My initial driver to develop an iPad keyboard was to allow users to not have to look at the keys in search for the next letter. Thus, the eight button design was born. One button for each pinky, pointer, ring and middle finger. With that design, the user is supposed to place each finger above the buttons once and then just tap with the one/ones corresponding to the current letter. While it works fine, holding the hands still or getting them into the correct position to be able to hit the buttons can be challenging. So I kept looking for a better way to achieve my goal. During a WWDC presentation, a blind Apple engineer demonstrated some accessibility features and while I watched him orient his fingers on the iPad he was using I realised that this needed to be my goal: The keyboard should be designed with blind people in mind.
So with ‘Zwei’, I reduced the number of buttons to two (Zwei is the German word for 2), each spanning half of the screen’s width. Based on the number of fingers used to press one of these buttons, the user is presented with 5 characters. The first gets entered by simply releasing the button. Each of the remaining can be selected through a swipe gesture (up, down, left or right). In addition, while pressing the first button, the second button offers two functions that can be activated by tapping it with either one or two fingers. Examples for these functions are changing the input mode to upper chase letters, to delete the last character or the obligatory switching to the next keyboard.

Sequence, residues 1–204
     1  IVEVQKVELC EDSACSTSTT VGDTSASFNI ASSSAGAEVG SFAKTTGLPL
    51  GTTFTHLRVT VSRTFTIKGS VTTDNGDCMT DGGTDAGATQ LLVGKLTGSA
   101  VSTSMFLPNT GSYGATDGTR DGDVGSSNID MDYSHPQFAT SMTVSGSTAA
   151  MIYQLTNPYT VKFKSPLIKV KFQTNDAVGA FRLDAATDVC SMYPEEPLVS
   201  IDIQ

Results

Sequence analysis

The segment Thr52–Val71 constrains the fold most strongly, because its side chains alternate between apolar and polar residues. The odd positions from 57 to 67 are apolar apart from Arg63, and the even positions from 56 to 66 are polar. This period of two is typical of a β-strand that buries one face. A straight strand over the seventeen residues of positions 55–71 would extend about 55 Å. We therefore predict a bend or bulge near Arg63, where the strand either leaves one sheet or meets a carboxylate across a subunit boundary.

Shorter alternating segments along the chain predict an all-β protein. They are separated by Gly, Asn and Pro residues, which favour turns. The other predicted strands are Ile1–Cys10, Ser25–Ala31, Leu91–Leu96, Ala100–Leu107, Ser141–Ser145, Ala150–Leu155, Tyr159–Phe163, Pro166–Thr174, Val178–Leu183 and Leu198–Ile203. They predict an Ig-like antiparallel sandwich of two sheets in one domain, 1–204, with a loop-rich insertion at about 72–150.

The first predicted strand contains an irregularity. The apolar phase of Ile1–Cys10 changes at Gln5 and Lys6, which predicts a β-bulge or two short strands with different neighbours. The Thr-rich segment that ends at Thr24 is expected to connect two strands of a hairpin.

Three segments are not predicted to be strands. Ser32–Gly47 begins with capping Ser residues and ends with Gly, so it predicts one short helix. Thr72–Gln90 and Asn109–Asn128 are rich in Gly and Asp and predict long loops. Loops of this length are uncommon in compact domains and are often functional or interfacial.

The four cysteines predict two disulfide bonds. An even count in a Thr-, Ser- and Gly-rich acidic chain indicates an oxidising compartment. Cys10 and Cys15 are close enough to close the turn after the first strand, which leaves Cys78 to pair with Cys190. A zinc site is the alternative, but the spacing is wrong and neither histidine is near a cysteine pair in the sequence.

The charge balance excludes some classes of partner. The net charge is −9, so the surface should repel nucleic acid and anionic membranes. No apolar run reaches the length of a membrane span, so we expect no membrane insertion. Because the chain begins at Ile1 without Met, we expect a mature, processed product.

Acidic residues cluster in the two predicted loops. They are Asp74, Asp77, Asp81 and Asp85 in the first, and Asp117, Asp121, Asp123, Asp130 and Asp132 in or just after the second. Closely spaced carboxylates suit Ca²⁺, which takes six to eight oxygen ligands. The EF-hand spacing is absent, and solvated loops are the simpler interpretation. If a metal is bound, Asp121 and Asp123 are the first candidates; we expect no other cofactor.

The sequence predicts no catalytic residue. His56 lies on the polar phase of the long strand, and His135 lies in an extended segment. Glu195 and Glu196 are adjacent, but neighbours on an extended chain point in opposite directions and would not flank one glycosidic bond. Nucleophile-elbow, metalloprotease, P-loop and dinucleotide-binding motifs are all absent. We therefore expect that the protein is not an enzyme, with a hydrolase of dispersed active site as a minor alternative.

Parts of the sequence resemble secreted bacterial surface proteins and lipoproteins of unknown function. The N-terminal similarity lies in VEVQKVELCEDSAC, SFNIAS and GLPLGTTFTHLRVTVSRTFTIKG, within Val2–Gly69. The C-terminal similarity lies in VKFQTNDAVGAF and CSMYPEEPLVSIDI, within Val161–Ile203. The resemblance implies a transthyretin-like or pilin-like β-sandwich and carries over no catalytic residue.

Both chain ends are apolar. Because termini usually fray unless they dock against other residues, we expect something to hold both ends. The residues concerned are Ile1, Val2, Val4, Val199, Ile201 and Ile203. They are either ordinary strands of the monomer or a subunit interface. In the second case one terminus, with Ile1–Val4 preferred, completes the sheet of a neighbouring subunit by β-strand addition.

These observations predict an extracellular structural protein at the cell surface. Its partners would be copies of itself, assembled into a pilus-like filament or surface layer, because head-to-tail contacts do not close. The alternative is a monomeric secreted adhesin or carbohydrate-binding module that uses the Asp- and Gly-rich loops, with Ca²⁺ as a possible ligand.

Again, I think the app preview video will explain it much better
When the accessibility feature “Voice Over” is activated, the two buttons increase their height to half the screen as well. Characters are read out once selected and a confirmation sound is played when the character is chosen. I implemented this in contrast to the standard settings which announces the letter twice: once the button is touched and once the current button is released.
As you can see on the App Store, 'Shift' was actually published after the keyboard I will write about next. At the time, the other concept was just much more compelling to me, so I put this project on hold for a bit. As I started working on it beforehand, though, this order shall reflect that fact.